exercise during pregnancy

Exercise During Pregnancy

Is it safe to exercise during pregnancy?

If you are healthy and your pregnancy is normal, it is safe to continue or start most types of exercise, but you may need to make a few changes. Engaging in physical activity does not increase the risks of miscarriage, low birth weight, or early delivery. Nonetheless, it is important to talk about exercise with your obstetrician or another member of your healthcare team during early prenatal visits. Upon receiving approval from your healthcare professional to exercise, you can decide together a safe and suitable exercise routine for your needs during pregnancy.

Are there specific conditions that make exercise unsafe during pregnancy?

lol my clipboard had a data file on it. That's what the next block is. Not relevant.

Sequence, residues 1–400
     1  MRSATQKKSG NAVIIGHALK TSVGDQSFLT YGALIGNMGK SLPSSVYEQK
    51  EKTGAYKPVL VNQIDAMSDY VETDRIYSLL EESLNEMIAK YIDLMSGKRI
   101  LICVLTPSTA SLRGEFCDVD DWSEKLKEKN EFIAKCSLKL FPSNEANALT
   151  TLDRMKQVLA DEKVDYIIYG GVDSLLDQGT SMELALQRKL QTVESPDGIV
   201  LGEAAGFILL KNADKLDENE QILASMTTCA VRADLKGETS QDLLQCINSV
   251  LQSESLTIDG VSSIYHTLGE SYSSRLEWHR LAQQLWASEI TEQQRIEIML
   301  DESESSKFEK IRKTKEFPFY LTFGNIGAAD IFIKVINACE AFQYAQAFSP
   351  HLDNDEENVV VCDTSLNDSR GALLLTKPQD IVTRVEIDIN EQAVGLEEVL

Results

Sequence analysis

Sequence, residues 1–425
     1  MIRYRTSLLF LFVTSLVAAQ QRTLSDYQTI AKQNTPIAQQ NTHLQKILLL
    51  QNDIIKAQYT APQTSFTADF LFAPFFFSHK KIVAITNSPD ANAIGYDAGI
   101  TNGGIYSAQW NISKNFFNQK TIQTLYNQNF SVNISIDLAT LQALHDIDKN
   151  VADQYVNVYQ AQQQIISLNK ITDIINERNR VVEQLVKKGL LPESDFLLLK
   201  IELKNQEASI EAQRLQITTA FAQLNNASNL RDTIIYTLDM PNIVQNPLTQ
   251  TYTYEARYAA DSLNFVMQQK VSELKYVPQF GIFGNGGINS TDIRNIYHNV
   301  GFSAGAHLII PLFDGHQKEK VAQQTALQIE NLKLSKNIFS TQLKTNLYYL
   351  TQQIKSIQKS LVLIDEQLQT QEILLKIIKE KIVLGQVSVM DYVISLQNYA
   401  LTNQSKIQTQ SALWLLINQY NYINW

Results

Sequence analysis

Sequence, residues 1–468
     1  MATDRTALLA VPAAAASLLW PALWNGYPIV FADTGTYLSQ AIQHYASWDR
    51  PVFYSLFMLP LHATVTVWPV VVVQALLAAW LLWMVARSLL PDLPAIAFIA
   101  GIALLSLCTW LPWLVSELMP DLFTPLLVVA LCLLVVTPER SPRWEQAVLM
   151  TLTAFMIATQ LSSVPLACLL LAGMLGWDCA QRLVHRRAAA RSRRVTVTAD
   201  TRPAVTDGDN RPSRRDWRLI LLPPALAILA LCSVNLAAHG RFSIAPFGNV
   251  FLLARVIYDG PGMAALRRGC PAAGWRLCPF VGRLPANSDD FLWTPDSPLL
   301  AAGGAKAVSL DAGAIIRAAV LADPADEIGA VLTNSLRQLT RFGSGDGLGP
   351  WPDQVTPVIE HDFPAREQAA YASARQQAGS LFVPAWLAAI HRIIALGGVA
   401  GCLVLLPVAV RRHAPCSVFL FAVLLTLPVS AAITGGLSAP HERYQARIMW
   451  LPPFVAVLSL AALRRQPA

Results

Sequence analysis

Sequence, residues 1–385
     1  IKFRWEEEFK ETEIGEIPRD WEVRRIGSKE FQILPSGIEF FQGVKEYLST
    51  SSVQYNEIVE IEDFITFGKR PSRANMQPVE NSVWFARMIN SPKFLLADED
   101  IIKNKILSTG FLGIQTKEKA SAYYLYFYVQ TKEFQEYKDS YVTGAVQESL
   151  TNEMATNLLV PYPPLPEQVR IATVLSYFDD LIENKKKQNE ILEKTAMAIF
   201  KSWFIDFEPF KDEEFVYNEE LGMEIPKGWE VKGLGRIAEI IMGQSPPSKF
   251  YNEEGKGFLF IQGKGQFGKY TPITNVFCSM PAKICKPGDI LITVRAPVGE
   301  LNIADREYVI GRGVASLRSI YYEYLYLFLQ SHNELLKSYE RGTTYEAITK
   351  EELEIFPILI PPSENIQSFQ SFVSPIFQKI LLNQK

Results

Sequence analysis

Women with the following conditions or pregnancy complications should refrain from exercising during pregnancy:

  • Certain types of heart and lung diseases.
  • Cervical insufficiency or cerclage.
  • Expecting twins or triplets (or more) with risk factors for preterm labor.
  • Placenta previa after 26 weeks of pregnancy.
  • Preterm labor or experiencing ruptured membranes (when your water breaks) during the pregnancy.
  • Preeclampsia or pregnancy-induced high blood pressure.
  • Severe anemia.

What are the benefits of exercise during pregnancy ?

Regular exercise during pregnancy provides benefits for both you and your baby in the following key ways:

  • Reduces back pain.
  • Eases constipation.
  • May reduce the risk of developing gestational diabetes, preeclampsia, and the need for a cesarean delivery.
  • Promotes healthy weight gain during pregnancy.
  • Improves your overall general fitness and strengthens your heart and blood vessels.
  • Helps you to lose the baby weight after your baby is born.
  • Enhances blood circulation
  • Reduces risk of anxiety and depression